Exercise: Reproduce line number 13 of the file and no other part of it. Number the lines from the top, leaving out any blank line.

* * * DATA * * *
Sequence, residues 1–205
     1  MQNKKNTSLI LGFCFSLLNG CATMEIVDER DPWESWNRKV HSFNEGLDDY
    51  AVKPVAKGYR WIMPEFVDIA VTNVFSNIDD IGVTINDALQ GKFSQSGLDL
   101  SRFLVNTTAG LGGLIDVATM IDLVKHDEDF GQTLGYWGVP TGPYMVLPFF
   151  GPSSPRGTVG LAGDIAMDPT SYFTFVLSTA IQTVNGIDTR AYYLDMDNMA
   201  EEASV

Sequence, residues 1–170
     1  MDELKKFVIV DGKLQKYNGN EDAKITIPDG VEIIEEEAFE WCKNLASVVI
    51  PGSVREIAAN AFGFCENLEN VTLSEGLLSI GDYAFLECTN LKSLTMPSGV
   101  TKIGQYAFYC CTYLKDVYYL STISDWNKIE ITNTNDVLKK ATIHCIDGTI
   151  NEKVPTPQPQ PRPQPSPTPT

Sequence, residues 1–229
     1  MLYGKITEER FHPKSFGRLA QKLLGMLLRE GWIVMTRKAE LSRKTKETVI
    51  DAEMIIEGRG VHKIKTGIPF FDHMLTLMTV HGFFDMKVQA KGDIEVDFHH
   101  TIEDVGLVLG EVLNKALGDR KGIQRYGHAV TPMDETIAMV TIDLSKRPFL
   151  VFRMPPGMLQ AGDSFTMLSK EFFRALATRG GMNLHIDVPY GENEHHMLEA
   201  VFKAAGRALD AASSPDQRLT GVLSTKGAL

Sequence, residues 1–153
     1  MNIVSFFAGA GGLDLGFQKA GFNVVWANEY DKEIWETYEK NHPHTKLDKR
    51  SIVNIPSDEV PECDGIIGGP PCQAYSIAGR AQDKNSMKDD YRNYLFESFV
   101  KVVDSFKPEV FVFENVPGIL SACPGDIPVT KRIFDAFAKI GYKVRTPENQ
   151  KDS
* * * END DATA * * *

     1  MLYGKITEER FHPKSFGRLA QKLLGMLLRE GWIVMTRKAE LSRKTKETVI